Research / Geopolitics
On 26 September 2021, federal elections will occur in Germany. Their results will defy interpretation from merely a domestic political context. Considering the country’s leading political and economic role in the European Union, the outcome of the elections will certainly have an impact on the next several years of the bloc too. But 26 September will also mark the end of an era for Germany and Europe: Angela Merkel, after sixteen years in the role of chancellor, will retire from active politics. This paper will analyze the evolution of the German-Hungarian political and economic relations during the ‘Merkel era’ and future perspectives of the relationship of the two countries in light of the Chancellor’s legacy, as well as the possible results of the upcoming elections.
Economic and trade relations
To understand the overall picture of bilateral economic and business connections, one should look back to the Cold War era, where the starting point of the still-developing economic relations between Germany and Hungary lies. Before the regime changes and the dissolution of the Soviet Union, both East and – more surprisingly - West Germany were major trading partners of Hungary and ranked second and third place, respectively, after the USSR.[i] With the fall of the Iron Curtain and the opening of state borders, these developing relations could enter a new phase. One of its milestones was the signing of a partnership agreement between the newly freed Hungary and reunited Germany in 1992. The agreement had social, political and economic aspects and facilitated the deepening of these bonds and regular meetings at a high political level. Accordingly, in the 1990’s, Germany became Hungary's most important trading partner. German companies such as Bosch[ii], Bayernwerk (then E.ON)[iii] Opel and Audi had already set up subsidiaries in the country after the change of regime.[iv]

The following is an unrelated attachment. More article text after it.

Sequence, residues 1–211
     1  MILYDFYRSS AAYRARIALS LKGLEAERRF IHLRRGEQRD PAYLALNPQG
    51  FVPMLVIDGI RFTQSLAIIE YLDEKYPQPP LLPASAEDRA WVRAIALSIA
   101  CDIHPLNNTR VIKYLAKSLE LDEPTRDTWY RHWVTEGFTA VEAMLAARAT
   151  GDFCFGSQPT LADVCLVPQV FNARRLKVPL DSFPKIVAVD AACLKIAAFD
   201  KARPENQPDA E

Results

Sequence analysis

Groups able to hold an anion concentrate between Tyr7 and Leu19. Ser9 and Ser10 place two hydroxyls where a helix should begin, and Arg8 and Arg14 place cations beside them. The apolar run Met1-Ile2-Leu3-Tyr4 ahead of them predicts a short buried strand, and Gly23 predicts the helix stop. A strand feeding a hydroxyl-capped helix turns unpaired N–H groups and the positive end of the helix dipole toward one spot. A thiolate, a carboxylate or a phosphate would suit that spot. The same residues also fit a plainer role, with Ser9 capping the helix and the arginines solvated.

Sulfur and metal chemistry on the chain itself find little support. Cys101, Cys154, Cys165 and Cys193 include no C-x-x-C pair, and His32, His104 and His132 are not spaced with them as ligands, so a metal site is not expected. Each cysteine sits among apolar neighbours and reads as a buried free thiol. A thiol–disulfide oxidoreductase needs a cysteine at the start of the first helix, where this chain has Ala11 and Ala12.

The First Merkel Cabinet (2005-2009)
As the first Merkel cabinet was formed on 22 November 2005, Angela Merkel already made history as the first female Chancellor of Germany. Chairman of the Christian Democratic Union (CDU), Merkel entered into alliance with the Christian Social Union of Bavaria (CSU) and the Social Democratic Party (SPD) to form a so-called grand coalition. In Hungary, the government of PM Ferenc Gyurcsány was also supported by a socialist and center-right party (MSZP-MDP) coalition. But at that time, it was not just the inter-governmental relations that defined the relations between the two countries. By 2005, Hungary had already gained full membership in NATO (1999) and the EU (2004) as well, which meant that Germany and Hungary became part of the same security, political and economic structure, giving the countries enormous leverage to reshape their relationship.
[i] PEISCH, Sándor: „Soha nem felejtjük el nektek…” A magyar– német kapcsolatok az elmúlt két évtizedben In: KKI, 2009 p.46
[ii] Company history, In: Bosch
[iii] E.ON Hungária csoport In: E.ON Hungary